When comparing the protein content of meat and plants, one thing to consider is how much protein a food contains compared with the number of calories and weight it has. For instance, chicken and other animal-based proteins are high in calories even though they contain a lot of protein. Vegan and vegetarian foods don’t typically contain as many grams of protein, but pound-for-pound, they’re a much more efficient source of it.
Take broccoli, for example. On hand, broccoli has more protein than beef and contains about 4.5 grams per 30 calories. But on the other hand, who wants to eat a pile of broccoli just to get decent amount of protein in one setting.
That said, this efficient protein-to-calorie ratio plant foods have is partly why it’s easier for vegetarian bodybuilders to build leaner-looking physiques without experiencing the drastic bodyweight swings like their meat-eating counterparts.
With plant-based proteins, it is important to distinguish between incomplete and complete proteins. However, this honestly isn’t as big of a deal as the media has made it out to be. Something we have learned in recent years is that our bodies are capable of using all sources of amino acids to form complete proteins.
In other words, eat a good variety of plant-based, whole foods that are protein-rich, and you will be equipped to build some serious muscle. Eating more protein isn’t necessarily better for your body, and in fact, an excess of protein is actually linked to several diseases. Unwanted weight gain, high cholesterol, and reduced brain and liver function are common side effects associated with too much protein in the diet.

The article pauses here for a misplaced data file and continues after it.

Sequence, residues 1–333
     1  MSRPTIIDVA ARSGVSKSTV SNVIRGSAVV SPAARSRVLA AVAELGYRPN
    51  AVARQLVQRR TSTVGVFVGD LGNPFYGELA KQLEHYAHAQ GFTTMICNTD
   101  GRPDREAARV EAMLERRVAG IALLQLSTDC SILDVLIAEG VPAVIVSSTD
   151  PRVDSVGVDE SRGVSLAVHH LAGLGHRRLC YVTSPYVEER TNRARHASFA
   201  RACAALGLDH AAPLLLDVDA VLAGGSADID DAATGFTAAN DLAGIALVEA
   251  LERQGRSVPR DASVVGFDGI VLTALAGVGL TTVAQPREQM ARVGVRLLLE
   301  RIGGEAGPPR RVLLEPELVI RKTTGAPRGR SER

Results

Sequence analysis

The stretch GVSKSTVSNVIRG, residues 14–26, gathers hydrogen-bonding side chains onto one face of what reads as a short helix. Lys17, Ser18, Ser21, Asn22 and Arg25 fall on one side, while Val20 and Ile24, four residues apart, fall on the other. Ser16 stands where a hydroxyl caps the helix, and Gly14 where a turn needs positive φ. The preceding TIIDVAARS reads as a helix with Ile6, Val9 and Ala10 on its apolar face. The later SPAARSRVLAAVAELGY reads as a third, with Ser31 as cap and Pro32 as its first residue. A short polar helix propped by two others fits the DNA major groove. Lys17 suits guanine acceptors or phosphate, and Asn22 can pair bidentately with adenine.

So the big takeaway here is that more isn’t necessarily better. Protein efficiency should be your #1 goal over protein quantity, and plants are clearly superior in this regard.
Allow me to introduce you to 12 solid choices for vegan protein. All nutrition facts are based on the recommended serving size.
While beans are normally low in the amino acid known as methionine, soy beans are a complete protein and deserves its time in the spotlight. However, beware of the GMO versions of this vegan food. Tempeh and natto are made by fermenting the beans, but tofu is probably the best known soy product.
Lentils are great for athletes looking to boost their protein intake quickly and efficiently. I like to use them in vegan burger recipes and veggie wraps.
Black beans are one of my all-time favorite vegan protein sources because they are so versatile. I use them in a variety of dishes, including vegan chili and stir-fry recipes.
Peanut Butter Sandwich on Ezekiel Bread
Let’s start this off right, because peanut butter sandwiches simply kick ass. They also happen to be protein-rich with a sizable amount of essential amino acids and plenty of healthy fats.
Why Ezekiel bread, you ask? It has wheat, barley, beans, lentils, millet, sprouted grains, and spelt. These combined ingredients contain all the essential amino acids, and they are also high in fiber and vitamins.